I am reading a book with the above title for my dissertation work in German Literature at Stanford. The book is by Richard Kraut, an analytic philosopher. Unless you have a taste for meticulous, painstaking philosophical argumentation, I can’t recommend it, but I have found that Kraut has ideas that resonate strongly with the way that we think about how people make life decisions in scene work.
Kraut maintains that older ways of thinking about what is good (what gives pleasure, achieving what one wants or plans) and the problems that are bound up with them can be jettisoned in favor of a notion that what is good for humans is what brings about their flourishing. By flourishing, he means a sustained condition in which humans can exercise their powers (physical, cognitive, and emotional) as expansively as possible.
Most scenes in class involve a relationship in some type of crisis or culmination. The two people involved are attempting, in one way or another, to save or at least strengthen the relationship, based on their understanding of the relationship and what is valuable about it. This, in turn, always comes down to a belief about the way in which two people fit together: what about them makes them a good match.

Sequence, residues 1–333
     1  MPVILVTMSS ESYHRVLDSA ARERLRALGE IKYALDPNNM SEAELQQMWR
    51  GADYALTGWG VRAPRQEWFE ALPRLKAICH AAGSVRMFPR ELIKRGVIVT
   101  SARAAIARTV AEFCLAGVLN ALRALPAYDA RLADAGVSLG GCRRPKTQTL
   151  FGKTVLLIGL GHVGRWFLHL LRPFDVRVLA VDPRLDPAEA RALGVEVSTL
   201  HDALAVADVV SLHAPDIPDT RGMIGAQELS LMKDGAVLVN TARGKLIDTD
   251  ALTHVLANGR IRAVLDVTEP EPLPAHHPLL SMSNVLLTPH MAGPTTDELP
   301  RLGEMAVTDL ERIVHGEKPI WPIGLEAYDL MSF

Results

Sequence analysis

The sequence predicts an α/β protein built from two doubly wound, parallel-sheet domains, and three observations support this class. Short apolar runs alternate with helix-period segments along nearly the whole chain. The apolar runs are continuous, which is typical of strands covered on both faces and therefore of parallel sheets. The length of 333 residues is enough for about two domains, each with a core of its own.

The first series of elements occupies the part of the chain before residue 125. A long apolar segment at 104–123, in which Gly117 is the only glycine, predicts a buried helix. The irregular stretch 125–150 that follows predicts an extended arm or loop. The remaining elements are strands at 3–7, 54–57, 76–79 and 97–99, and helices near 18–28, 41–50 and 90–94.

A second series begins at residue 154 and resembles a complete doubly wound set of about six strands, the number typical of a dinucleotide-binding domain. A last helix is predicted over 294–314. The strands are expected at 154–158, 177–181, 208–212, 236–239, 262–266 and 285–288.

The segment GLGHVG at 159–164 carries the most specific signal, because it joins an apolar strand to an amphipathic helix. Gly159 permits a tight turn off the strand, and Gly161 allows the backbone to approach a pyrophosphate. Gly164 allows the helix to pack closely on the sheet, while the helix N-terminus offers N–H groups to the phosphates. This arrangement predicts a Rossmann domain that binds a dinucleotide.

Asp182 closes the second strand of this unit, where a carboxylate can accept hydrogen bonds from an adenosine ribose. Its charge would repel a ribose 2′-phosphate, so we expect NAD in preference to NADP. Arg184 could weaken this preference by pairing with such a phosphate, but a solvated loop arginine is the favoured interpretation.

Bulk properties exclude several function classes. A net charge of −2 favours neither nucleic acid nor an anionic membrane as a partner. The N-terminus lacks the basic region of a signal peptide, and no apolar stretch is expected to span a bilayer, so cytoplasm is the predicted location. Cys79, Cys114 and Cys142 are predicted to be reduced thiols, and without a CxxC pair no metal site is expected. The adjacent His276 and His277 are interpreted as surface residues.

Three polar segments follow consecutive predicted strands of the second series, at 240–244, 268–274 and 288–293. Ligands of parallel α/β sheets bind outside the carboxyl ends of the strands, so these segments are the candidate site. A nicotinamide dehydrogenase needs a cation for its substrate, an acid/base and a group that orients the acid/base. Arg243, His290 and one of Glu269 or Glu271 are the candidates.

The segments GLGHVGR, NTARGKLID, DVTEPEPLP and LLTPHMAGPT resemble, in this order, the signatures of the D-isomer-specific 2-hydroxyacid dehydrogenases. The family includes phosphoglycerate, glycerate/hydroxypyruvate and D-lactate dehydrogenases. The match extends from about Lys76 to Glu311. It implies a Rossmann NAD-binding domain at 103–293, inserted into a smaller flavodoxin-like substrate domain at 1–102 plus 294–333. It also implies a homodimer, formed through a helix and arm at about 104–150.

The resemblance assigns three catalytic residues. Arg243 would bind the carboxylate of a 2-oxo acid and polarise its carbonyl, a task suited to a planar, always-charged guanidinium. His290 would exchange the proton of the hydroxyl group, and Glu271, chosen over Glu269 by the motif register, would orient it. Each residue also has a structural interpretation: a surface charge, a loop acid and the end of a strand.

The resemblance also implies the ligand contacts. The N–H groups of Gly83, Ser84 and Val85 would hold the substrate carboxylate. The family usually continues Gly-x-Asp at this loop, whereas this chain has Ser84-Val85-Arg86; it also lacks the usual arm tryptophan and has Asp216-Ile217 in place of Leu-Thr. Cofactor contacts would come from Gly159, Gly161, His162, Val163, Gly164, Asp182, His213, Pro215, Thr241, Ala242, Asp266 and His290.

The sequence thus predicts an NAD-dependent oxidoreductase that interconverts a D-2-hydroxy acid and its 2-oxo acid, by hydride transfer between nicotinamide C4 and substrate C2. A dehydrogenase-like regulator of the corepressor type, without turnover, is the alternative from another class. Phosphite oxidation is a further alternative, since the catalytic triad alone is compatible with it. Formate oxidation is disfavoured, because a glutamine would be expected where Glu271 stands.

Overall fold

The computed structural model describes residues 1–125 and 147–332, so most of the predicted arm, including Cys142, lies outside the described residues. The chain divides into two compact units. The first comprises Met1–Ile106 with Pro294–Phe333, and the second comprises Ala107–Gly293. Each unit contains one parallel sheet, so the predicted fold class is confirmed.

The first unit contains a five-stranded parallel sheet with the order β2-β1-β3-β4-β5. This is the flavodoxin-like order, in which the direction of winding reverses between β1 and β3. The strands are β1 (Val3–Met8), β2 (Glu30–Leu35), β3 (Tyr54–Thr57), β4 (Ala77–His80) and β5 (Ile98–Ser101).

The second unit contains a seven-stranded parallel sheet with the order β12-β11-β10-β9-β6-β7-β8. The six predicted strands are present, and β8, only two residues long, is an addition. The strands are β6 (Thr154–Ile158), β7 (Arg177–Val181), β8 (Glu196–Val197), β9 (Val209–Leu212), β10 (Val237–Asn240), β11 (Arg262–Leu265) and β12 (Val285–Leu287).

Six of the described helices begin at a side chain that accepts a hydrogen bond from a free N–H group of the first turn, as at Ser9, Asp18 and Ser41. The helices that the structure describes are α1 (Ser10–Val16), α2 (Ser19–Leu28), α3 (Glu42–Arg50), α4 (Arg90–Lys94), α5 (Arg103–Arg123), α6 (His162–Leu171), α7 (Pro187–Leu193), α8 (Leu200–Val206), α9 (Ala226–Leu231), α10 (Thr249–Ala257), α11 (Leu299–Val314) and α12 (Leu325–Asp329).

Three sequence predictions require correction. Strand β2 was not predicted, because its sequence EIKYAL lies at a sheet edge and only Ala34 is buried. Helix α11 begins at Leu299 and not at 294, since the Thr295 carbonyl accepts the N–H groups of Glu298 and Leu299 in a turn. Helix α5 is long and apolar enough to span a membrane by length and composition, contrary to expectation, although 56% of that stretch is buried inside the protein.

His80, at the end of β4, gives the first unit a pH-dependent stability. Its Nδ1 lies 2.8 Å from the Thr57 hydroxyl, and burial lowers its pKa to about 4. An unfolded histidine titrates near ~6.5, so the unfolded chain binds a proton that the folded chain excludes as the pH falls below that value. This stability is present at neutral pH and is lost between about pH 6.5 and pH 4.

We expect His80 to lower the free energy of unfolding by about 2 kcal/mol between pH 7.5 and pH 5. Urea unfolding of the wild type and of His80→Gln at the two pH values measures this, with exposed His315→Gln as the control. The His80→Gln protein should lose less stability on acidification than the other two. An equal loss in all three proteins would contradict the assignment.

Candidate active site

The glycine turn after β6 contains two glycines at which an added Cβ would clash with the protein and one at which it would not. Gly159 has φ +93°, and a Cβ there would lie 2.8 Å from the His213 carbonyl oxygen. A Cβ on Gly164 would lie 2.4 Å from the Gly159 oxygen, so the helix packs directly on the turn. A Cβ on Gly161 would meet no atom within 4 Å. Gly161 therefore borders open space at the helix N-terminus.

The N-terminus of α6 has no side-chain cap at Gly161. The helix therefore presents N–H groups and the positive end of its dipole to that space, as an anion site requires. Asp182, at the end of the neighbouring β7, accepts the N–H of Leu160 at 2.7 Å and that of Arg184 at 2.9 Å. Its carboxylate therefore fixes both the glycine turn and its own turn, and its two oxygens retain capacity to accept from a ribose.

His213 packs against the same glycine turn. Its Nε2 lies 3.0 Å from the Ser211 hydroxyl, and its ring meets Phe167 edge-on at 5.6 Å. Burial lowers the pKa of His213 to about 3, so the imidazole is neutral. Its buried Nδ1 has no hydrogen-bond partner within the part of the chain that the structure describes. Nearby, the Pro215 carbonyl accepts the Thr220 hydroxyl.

Close friendships and relationships of all kinds are important because they provide us an opportunity to exercise aspects of ourselves that we value. With one friend, perhaps we can banter in a satisfying way, with another, perhaps we can play a great game of squash, with another, exchange stories of our lives. In other words, they give us contexts in which flourishing is possible. If there is no one to appreciate our wit, and no one to provide wit which, in appreciating, we have an experience of our own wit, then things are not as good for us as they could be.
Of course, we also talk a lot about what we want at particular moments in scenes, but generally, we can say that in scenes, in our roles, our beliefs (as the character) about what wants will bring us closer to flourishing are tested, and we must make decisions about whether to hold fast to one vision of coming closer to flourishing, or to embrace another. Uta Hagen calls this “weighing courses of action” in her discussion of this in her book A Challenge for the Actor.—
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